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The flyer that has been distributed in the Detroit suburb of Southfield. Photograph: Ryan Felton
A racist political flyer has begun circulating in a Detroit suburb, calling on voters to “get the blacks” out of office this November.
The flyer, distributed by an anonymous and still unknown source this weekend, included photographs of white politicians vying for several positions in Southfield, Michigan, a 70% African American city that borders Detroit to the north. Two of the officials in the flyer – which states, “Let’s get the blacks of Southfield in November” – are not running for office this fall.
On the back, a photograph of Trayvon Martin, the unarmed black teenager from Florida who was fatally shot in 2012 by George Zimmerman, is sandwiched beneath a message that reads: “Zimmerman was right. We will never stop thugs like this.”
The existence of the flyer was first reported by local Fox affiliate WJBK. It quickly spread across social media, where politicians featured in the circular responded on Monday, saying it was “false and outrageous”.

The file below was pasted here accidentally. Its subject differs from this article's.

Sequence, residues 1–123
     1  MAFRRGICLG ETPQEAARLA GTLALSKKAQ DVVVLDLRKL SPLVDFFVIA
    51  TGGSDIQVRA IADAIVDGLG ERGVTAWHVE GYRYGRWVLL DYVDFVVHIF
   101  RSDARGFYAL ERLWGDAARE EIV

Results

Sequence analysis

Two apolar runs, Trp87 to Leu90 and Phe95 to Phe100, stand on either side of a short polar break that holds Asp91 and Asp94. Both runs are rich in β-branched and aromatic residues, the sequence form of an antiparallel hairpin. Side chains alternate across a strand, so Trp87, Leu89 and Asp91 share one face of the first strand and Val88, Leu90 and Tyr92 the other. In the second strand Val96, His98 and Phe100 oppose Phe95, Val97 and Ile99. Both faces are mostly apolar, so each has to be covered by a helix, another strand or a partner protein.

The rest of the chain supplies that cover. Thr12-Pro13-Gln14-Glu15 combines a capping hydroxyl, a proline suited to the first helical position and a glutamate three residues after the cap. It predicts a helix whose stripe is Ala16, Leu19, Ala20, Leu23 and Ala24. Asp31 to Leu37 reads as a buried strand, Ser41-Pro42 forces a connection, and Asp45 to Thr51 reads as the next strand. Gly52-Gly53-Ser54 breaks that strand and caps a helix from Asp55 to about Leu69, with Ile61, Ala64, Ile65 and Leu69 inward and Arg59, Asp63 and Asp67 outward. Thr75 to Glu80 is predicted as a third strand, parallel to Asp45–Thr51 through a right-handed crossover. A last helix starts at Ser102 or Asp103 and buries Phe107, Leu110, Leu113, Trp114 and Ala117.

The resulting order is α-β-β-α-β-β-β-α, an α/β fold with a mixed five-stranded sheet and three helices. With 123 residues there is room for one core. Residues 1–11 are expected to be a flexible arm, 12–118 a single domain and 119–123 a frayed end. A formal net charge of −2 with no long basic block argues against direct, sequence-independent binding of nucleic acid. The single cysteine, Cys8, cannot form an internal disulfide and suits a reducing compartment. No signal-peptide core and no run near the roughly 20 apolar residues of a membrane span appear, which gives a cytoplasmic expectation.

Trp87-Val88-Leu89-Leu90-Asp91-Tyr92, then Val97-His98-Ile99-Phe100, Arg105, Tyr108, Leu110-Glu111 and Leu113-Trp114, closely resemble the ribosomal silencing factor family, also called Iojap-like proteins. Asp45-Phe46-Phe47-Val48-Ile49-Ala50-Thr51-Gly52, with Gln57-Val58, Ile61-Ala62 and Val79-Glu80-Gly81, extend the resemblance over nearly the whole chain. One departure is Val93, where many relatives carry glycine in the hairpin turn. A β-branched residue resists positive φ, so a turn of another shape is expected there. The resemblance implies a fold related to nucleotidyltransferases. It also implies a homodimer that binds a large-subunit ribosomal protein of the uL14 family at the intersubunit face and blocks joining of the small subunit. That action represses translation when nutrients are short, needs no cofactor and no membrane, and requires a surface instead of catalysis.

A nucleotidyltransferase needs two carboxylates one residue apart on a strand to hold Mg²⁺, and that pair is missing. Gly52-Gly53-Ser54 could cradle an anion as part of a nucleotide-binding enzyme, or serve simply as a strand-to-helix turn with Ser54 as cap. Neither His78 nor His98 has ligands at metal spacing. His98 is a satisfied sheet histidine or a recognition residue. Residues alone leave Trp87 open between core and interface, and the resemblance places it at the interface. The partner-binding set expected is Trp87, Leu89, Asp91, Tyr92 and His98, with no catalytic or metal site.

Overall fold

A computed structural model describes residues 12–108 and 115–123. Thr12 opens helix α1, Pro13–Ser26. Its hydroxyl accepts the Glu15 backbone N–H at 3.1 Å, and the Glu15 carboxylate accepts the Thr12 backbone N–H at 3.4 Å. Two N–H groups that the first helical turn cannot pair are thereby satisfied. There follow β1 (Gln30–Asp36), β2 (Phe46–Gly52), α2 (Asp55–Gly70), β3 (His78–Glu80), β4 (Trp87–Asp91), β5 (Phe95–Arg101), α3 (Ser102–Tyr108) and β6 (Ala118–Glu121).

A second flyer, obtained by local ABC affiliate WXYZ, shows a police officer wearing a white Ku Klux Klan hood, pointing a gun at the temple of a child who appears to be holding a package of candy. Martin was said to be holding a bag of Skittles when Zimmerman approached him on 26 February 2012.
Ken Siver, a candidate for mayor whose photo and name appear on the flyer, said Southfield had a reputation as a diversity community that “welcomes all people”. That was why he was “considerably upset to learn that someone would produce something like this and make these false and outrageous complaints, not to mention to exploit and insult the memory of Trayvon Martin”, he wrote in a statement on Tuesday on Facebook.
“Truthfully, I am more saddened by the flyer than upset,” Siver said. “It is sad because this is not the Southfield we know. In Southfield, we celebrate our diversity and welcome to all people.” Southfield, a city of 73,000, is estimated to be 70.3% black, according to recent census estimates.
Siver added: “I have to assume that this is a desperate attempt to smear my name.”
As reports of the flyer spread, the city of Southfield also released a statement, saying no elected officials or staff condone “this type of negative, deconstructive and harmful propaganda”.
“We as a community are appalled that this type of reprehensible material has been distributed,” said Mayor Donald Fracassi, in a statement. “We stand together united as Southfielders against racism of any kind.
A spokesperson for the city did not respond to requests by the Guardian for comment.